DONOR RELATIONS: What motivates your donors to give?

publication date: Nov 17, 2021
author/source: Sharron Batsch

How often has a charity received a gift and forgotten to thank the donor or provide a form of acknowledgement?

Receiving the money is the start of a relationship with a donor. The charity has the opportunity to acknowledge a gift in many ways.  If sending a thank you is deemed as "too much trouble" or if the accepted excuse for lack of follow-up is being "too busy," the charity needs to rethink its game.

In most cases, a charity will not survive without donor support. So why is donor communication and the management of their information often delegated to lower-level management’? The idea that an Executive Director does not have time to learn the overall requirements of a donor management system and the software being used in that task, is a recipe for failure and a lot of misdirection.

“The software doesn’t meet our needs! I can’t get a report,” is the cry originating from staff with no training, echoed by senior managers with no knowledge of the tools they have and perpetuated by governing boards who see training as a cost rather than an investment. This is a seemingly backward view to donor management software tools that capture donor gifts that tally in the hundreds of thousands of dollars.

As a donor, I want to know the logistics of how a charity runs, not only in terms of client services, but also its internal workings. If the administration of this donor information is in chaos, it's not a good sign.

Listening to your donor is the first step

Consider this situation. A donor to a small city zoo donated a few thousand dollars to be an animal sponsor. Recognition of the donation was to be a plaque with the donor's name posted on the enclosure for the summer months. How could the charity have made this an event, encouraging the donor to continue giving on an annual basis? The donor likely expected that a tasteful plaque would be made - something family members would enjoy viewing. Perhaps they also thought that a photo would be taken when the plaque is hung. These expectations would not be out of line but zoo staff did not imagine the delivery in this manner.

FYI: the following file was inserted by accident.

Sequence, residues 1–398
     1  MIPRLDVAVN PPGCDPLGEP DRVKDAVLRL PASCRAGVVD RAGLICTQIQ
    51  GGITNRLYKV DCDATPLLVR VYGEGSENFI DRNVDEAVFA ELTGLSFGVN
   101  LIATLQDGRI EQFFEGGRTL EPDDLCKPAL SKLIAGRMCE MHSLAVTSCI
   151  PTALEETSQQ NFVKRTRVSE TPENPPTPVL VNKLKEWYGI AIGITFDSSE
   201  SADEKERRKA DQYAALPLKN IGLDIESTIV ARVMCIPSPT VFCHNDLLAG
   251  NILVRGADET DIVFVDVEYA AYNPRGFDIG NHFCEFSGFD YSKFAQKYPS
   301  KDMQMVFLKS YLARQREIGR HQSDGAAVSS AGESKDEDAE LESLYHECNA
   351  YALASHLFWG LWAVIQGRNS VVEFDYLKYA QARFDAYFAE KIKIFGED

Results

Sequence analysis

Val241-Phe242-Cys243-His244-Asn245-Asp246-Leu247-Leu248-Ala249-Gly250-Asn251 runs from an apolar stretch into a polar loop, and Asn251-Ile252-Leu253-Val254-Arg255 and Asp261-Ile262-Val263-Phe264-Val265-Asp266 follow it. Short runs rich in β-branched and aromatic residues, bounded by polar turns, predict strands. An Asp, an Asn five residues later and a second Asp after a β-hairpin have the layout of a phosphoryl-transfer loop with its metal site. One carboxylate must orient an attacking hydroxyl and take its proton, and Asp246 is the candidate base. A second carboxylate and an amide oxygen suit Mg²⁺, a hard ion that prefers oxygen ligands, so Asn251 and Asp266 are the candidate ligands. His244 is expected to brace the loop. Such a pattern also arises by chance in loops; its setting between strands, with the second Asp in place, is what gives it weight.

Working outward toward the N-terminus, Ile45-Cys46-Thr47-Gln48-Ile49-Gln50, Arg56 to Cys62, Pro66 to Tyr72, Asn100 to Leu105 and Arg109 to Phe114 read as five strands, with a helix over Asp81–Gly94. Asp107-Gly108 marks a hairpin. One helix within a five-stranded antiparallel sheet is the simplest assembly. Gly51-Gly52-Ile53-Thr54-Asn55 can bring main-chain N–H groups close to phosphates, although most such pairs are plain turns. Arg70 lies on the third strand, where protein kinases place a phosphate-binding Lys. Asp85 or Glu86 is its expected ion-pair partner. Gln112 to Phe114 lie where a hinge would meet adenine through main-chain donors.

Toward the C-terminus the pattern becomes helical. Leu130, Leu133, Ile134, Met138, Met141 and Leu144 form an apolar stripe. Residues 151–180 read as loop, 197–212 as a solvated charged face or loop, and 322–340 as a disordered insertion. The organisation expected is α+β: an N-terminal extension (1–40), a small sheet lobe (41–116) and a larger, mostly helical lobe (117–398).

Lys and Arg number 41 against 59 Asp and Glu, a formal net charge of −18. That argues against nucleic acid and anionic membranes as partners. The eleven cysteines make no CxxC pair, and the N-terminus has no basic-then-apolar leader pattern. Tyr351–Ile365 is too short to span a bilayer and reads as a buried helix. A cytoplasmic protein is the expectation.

Instead, a frame was attached to the enclosure with a paper insert and plastic covering for weather protection. There was no photo opportunity or special invitation to the donor to see the results of their generous contribution. Was this a lack of imagination, or simply a lack of effort on the part of the charity? Unfortunately, the donor’s perception was that it was just the money that the zoo cared about. They were disappointed in their giving experience.

Here is another example. A major donor made a substantial gift for a specific project at a rehabilitation hospital. In speaking with the donor, they remarked that it would have been nice to get (at least!) a card signed by one of the major gifts team to let him know how the project was proceeding. Unfortunately, once the money traded hands there was no further communication or follow-up. When there was staff turnover in the major gifts team, the donor approached the executive director directly to find out about the project he had funded. They were unable to provide any information.

In each of these giving scenarios, the donors were excited to participate and offer funding, and in each case, the charity and its development staff failed to make the donor feel valued and appreciated. Instead, the donors were left with the perception that it was only the transaction - the money - that mattered.

How do donors perceive interactions with your Charity?

Could your charity do better?  Consider these steps:

1 - Hearing: Have you found the donor’s responsive chord?

2 - Delivery: Did you do your best or the least, in acknowledging the donor?

3 - Expectation: Did your efforts to communicate with the donor meet their expectation?


Sharron Batsch BSc is the developer of @EASE Fund Development Software, the author of "From Chaos to Control Build a High Performance Team Using Knowledge Management" and an entrepreneur whose work has been dedicated to the non-profit community. Chairing conferences and special events, and consulting with clients has shown the benefits of a building a strong knowledge base and how an organized work environment ensures hours are productive and not wasted.


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